This interview may be three years old, but I’ve finally discovered Joe Rogan of late and his chat with Armstrong is informative and enjoyable. Note the $100 million lawsuit of which they speak was settled in 2018 for $5 million.
For those interested in the wider story, this BBC documentary is excellent. Be aware that the YouTube postings of it tend to disappear.
To be honest, all these sports juicing scandals continue to produce an ambiguous reaction in me. Quite a few banks cheated, prompting an international recession, then were caught … and, well, nothing much happened to them at all, at least here in America. We routinely incarcerate minorities for far less.
Maybe money really does have something to do with it? Bogey man Barry Bonds asked the right question, as referenced by Dave Zirin back in 2012:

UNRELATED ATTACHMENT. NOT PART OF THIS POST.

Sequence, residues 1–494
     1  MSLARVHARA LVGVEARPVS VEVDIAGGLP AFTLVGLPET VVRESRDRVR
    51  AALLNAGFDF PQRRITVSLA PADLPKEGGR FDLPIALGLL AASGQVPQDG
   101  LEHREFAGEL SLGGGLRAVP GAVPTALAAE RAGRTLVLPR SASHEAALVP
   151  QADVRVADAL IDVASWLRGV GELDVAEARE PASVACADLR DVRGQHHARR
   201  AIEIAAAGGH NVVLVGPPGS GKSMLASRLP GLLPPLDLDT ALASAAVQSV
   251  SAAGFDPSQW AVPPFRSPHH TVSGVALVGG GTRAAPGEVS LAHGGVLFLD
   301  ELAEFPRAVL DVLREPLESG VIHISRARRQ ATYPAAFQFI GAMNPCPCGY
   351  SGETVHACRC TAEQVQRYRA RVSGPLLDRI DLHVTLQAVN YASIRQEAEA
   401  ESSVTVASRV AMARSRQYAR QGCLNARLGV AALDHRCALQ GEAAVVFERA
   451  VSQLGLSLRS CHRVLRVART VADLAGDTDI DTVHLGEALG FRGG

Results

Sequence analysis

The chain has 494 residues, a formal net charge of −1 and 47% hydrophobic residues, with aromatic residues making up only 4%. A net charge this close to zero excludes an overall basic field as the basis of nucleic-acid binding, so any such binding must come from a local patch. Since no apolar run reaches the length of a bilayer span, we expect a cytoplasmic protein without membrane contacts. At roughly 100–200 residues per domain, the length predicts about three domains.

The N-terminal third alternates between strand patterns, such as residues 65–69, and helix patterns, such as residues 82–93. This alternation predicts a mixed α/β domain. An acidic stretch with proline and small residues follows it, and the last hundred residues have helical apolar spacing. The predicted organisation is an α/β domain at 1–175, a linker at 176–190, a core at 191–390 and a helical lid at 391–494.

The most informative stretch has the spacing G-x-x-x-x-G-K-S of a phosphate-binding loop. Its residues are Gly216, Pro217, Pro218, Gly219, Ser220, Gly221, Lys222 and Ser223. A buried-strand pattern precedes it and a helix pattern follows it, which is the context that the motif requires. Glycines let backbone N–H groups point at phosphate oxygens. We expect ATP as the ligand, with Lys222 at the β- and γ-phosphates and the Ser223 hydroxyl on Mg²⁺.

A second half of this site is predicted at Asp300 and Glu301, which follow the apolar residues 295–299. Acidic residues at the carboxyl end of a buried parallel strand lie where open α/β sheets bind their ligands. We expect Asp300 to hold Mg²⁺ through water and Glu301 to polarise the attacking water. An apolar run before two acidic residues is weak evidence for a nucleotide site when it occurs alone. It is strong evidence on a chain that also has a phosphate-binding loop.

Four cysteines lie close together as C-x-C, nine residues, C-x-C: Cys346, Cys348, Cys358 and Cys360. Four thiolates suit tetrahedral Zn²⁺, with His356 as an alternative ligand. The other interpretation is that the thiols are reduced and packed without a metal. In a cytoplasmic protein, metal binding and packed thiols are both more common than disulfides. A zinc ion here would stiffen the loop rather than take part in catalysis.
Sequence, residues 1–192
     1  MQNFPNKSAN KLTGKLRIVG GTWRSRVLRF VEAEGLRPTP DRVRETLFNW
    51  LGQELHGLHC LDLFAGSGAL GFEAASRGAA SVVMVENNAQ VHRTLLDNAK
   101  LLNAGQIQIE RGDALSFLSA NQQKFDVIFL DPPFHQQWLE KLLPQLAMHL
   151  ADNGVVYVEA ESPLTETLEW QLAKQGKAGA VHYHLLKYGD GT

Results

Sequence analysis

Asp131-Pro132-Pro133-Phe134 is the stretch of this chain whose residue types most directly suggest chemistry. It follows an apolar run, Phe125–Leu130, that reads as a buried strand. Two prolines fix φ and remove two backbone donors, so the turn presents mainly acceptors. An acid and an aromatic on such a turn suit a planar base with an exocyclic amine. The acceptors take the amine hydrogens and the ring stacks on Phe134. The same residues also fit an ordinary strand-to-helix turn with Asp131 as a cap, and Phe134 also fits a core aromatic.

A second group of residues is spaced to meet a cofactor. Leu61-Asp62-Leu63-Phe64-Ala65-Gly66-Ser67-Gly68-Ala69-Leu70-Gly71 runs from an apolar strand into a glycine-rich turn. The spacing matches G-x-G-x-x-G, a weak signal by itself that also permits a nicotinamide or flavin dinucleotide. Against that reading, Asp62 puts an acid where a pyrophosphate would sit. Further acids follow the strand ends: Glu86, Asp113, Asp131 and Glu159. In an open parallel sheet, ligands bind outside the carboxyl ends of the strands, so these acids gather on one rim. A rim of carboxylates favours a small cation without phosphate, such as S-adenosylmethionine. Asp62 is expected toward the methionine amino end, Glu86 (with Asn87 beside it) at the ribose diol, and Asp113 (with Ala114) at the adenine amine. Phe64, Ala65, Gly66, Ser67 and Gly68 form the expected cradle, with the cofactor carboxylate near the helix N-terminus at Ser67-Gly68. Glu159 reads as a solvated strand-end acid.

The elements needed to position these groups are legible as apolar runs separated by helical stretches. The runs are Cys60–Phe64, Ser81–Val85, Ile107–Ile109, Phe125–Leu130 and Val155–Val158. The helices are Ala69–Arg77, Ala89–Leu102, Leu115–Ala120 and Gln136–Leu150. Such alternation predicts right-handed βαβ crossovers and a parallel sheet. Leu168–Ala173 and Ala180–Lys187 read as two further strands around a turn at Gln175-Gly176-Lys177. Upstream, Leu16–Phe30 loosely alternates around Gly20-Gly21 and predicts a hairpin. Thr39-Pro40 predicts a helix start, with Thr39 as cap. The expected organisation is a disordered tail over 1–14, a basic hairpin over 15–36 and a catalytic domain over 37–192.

‘It’s Bonds. Barry Bonds’: The Return of Baseball’s Invisible Man, by Dave Zirin (The Nation)
… There is a delight that the baseball cognoscenti takes in making Barry Bonds their “invisible man.” It’s a way to marginalize him without confronting what he represents. He’s a home-run king in exile. He’s the end product of an era where owners made billions selling a steroid-enhanced product. He’s the person who can no longer tell the press to go to hell, because they won’t acknowledge his voice. The press corps once asked Bonds if he thought steroids was cheating. Bonds responded, “Is steroids cheating? You want to define cheating in America? When they make a shirt in Korea for a $1.50 and sell it here for 500 bucks. And you ask me what cheating means?” Now they don’t have to care what he thinks. Now they can humiliate him forever by denying his existence.